A beam of gamma-ray having a photon of energy 510 keV is incident on a foil of aluminum. Calculate the wavelength of the radiation scattered at 90 degrees

Bruno Thompson
2022-07-22
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eishale2n

Answered 2022-07-23
Author has **15** answers

Given the beam of gamma-ray of energy 510 keV is incident on the aluminum foil. The wavelength will be given by,

${\lambda}_{0}=\frac{hc}{E}$

${\lambda}_{0}=\frac{(6.63\times {10}^{-34}\text{}J\cdot s)(3\times {10}^{8}\text{}m\cdot {s}^{-1})}{(510\times {10}^{3}\times 1.6\times {10}^{-19}\text{}J)}\phantom{\rule{0ex}{0ex}}=2.426\times {10}^{-12}\text{}m$

Now wavelength of the scattered radiation is given by,

$\lambda ={\lambda}_{0}+\frac{h}{{m}_{0}c}(1-\mathrm{cos}\theta )$

$\lambda =4.85\times {10}^{-12}\text{}m$

${\lambda}_{0}=\frac{hc}{E}$

${\lambda}_{0}=\frac{(6.63\times {10}^{-34}\text{}J\cdot s)(3\times {10}^{8}\text{}m\cdot {s}^{-1})}{(510\times {10}^{3}\times 1.6\times {10}^{-19}\text{}J)}\phantom{\rule{0ex}{0ex}}=2.426\times {10}^{-12}\text{}m$

Now wavelength of the scattered radiation is given by,

$\lambda ={\lambda}_{0}+\frac{h}{{m}_{0}c}(1-\mathrm{cos}\theta )$

$\lambda =4.85\times {10}^{-12}\text{}m$

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Is there a mathematical way to prove this?

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Wikipedia states that the radiation of quasars is partially nonthermal (i.e. not blackbody).

Well, what percentage of the total radiation isn't black body?

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I was wondering if using the De Broglie equation

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for object traveling at really high speeds would result in a significant error. For example if an object travelled at $0.02c$ would the error be negligible? How can I calculate the uncertainty in the result?

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${u}_{\lambda}(\lambda ,T)=\frac{2h{c}^{2}}{{\lambda}^{5}}\frac{1}{{e}^{\frac{hc}{\lambda kT}}-1}$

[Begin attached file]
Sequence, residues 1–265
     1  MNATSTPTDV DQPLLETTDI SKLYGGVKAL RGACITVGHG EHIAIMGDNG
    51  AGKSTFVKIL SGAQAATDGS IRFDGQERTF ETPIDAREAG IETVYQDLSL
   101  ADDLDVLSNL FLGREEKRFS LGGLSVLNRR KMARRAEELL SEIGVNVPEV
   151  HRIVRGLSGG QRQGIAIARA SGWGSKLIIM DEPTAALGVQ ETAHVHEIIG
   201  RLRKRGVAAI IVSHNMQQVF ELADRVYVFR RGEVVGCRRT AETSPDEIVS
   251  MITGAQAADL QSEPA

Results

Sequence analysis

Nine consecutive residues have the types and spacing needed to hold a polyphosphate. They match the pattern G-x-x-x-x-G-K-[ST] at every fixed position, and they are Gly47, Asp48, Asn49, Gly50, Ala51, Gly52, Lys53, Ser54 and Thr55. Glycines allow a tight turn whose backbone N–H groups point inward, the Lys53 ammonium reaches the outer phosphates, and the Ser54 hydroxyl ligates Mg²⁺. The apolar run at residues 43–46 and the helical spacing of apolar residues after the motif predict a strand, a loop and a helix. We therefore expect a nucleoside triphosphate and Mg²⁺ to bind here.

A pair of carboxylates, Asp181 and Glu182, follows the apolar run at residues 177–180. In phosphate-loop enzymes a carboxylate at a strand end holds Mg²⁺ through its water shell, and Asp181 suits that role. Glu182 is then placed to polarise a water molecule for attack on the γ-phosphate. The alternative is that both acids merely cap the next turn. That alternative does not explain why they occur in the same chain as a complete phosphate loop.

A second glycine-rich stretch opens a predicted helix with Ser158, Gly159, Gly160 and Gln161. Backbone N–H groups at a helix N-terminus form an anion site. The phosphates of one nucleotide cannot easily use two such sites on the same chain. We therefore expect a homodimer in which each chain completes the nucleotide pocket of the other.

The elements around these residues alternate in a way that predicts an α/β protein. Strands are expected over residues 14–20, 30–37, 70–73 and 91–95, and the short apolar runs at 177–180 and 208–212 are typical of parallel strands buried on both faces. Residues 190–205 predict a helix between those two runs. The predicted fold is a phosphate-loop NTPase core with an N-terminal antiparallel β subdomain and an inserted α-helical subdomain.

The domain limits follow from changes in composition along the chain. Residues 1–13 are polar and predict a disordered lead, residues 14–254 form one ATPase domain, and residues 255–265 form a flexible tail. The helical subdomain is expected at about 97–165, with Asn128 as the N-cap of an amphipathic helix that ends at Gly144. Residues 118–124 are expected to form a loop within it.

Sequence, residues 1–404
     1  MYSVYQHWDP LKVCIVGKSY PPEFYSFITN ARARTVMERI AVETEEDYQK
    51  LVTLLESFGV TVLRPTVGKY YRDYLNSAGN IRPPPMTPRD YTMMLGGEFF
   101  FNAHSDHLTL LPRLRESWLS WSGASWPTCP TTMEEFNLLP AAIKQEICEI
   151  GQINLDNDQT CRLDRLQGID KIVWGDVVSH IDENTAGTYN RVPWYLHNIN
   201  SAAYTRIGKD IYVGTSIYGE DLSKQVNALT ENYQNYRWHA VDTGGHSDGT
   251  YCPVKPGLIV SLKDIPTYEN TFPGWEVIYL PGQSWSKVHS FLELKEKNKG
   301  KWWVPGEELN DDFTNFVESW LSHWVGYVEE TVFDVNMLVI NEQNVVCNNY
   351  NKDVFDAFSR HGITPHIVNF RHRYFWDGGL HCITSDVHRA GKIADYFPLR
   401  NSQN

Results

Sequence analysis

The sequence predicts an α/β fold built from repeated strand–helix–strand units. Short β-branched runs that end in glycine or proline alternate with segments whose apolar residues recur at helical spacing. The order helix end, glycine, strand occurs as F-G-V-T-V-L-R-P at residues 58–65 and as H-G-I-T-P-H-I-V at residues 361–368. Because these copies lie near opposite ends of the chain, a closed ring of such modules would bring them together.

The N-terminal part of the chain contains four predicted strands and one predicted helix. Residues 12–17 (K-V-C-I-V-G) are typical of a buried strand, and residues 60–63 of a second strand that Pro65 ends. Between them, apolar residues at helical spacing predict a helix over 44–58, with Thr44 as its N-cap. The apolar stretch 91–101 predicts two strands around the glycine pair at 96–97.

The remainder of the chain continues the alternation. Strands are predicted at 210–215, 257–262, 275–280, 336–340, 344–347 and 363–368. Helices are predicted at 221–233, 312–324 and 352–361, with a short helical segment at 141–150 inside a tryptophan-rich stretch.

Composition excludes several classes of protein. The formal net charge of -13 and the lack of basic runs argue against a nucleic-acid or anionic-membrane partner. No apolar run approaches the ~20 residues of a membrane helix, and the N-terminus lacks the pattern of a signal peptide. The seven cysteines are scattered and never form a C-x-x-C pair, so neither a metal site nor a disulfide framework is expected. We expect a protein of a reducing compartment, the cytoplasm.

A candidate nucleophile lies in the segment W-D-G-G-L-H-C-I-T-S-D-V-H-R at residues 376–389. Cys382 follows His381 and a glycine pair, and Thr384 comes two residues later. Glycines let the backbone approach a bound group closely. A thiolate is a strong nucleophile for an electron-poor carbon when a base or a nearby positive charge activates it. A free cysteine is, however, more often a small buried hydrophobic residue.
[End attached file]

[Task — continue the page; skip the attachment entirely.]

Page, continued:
${u}_{\nu}(\nu ,T)=\frac{2h{\nu}^{3}}{{c}^{2}}\frac{1}{{e}^{\frac{h\nu}{kT}}-1}$

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Planck's Law is commonly stated in two different ways:

${u}_{\lambda}(\lambda ,T)=\frac{2h{c}^{2}}{{\lambda}^{5}}\frac{1}{{e}^{\frac{hc}{\lambda kT}}-1}$

${u}_{\nu}(\nu ,T)=\frac{2h{\nu}^{3}}{{c}^{2}}\frac{1}{{e}^{\frac{h\nu}{kT}}-1}$

We can find the maximum of those functions by differentiating those equations with respect to $\lambda $ and to $\nu $, respectively. We get two ways to write Wien's Displacement Law:

${\lambda}_{\text{peak}}T=2.898\cdot {10}^{-3}m\cdot K$

$\frac{{\nu}_{\text{peak}}}{T}=5.879\cdot {10}^{10}Hz\cdot {K}^{-1}$

We see that ${\lambda}_{\text{peak}}\ne \frac{c}{{\nu}_{\text{peak}}}$. So what frequency or wavelength is actually detected by an optical instrument most intensely when analyzing a black body? If they are ${\lambda}_{\text{peak}}$ and ${\nu}_{\text{peak}}$, how is ${\lambda}_{\text{peak}}\ne \frac{c}{{\nu}_{\text{peak}}}$?

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But I am stuck here because if I integrate the L.H.S.

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I know this might be a silly question, but is it necessary to know Planck's Law in order to show that ${\lambda}_{max}\propto \frac{1}{T}$? If you set

$u(\lambda ,T)=\frac{f(\lambda T)}{{\lambda}^{5}}$

then

$\frac{\mathrm{\partial}u}{\mathrm{\partial}\lambda}=\frac{1}{{\lambda}^{5}}\frac{\mathrm{\partial}f}{\mathrm{\partial}\lambda}-\frac{5}{{\lambda}^{4}}f=0$

$\frac{\frac{\mathrm{\partial}f}{\mathrm{\partial}\lambda}}{f}=5\lambda $

But I am stuck here because if I integrate the L.H.S.

$\int \frac{\frac{\mathrm{\partial}f}{\mathrm{\partial}\lambda}}{f}d\lambda =\mathrm{log}(f(\lambda T))=\frac{5}{2}{\lambda}^{2}$

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